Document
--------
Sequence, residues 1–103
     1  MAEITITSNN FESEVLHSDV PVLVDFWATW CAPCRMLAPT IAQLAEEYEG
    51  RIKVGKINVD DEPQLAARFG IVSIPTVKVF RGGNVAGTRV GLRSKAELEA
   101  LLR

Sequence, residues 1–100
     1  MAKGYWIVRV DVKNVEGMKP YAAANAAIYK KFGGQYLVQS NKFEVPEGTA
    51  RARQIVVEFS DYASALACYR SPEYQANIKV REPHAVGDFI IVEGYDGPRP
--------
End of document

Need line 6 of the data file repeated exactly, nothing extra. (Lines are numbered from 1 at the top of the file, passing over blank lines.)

     1  MAKGYWIVRV DVKNVEGMKP YAAANAAIYK KFGGQYLVQS NKFEVPEGTA